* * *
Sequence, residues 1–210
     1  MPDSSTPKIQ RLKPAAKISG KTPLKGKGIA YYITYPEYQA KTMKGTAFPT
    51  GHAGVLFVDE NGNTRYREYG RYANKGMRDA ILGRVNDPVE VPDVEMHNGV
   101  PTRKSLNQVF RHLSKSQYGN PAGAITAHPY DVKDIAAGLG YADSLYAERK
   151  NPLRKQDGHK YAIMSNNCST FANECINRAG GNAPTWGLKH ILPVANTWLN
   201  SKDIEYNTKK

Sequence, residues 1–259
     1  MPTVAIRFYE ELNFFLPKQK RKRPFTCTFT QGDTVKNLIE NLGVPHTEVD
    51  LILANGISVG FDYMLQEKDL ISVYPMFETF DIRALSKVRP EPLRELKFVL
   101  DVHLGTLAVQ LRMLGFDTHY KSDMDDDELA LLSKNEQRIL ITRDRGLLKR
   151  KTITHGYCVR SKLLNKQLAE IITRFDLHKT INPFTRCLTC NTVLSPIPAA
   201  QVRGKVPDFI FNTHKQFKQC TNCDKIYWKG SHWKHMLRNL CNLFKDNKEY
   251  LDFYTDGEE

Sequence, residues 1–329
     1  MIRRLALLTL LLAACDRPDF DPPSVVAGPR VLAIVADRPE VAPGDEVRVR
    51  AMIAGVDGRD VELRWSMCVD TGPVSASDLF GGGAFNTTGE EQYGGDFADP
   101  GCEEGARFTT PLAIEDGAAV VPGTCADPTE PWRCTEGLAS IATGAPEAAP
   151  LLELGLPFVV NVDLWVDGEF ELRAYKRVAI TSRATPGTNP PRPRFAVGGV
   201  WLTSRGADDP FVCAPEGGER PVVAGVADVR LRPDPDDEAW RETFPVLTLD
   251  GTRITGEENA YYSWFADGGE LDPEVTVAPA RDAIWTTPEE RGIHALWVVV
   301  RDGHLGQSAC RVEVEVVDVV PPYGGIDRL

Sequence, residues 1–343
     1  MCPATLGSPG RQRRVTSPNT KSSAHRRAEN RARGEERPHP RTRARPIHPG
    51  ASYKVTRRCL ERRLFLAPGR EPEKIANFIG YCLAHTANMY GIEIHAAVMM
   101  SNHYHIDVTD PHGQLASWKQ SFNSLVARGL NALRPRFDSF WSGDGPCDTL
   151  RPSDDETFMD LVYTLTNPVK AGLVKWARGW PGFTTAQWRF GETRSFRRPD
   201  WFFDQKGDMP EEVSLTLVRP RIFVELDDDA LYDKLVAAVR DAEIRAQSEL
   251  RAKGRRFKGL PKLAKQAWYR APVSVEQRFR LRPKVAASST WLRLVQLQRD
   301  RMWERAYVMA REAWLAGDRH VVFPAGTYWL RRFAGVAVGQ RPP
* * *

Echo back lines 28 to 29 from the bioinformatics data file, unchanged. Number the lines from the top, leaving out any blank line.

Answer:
   251  RAKGRRFKGL PKLAKQAWYR APVSVEQRFR LRPKVAASST WLRLVQLQRD
   301  RMWERAYVMA REAWLAGDRH VVFPAGTYWL RRFAGVAVGQ RPP